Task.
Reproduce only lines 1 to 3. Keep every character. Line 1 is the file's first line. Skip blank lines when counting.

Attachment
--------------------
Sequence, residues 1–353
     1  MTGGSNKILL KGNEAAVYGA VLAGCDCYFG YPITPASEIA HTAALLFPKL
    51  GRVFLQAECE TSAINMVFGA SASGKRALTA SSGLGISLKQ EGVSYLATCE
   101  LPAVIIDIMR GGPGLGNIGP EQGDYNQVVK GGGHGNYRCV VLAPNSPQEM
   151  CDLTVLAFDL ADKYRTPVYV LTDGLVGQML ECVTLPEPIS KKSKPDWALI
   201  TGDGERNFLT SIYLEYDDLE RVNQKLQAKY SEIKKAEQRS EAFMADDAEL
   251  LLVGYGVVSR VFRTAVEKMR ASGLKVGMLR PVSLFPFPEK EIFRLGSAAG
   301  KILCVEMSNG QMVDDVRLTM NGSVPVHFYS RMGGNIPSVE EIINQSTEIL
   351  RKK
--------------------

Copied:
Sequence, residues 1–353
     1  MTGGSNKILL KGNEAAVYGA VLAGCDCYFG YPITPASEIA HTAALLFPKL
    51  GRVFLQAECE TSAINMVFGA SASGKRALTA SSGLGISLKQ EGVSYLATCE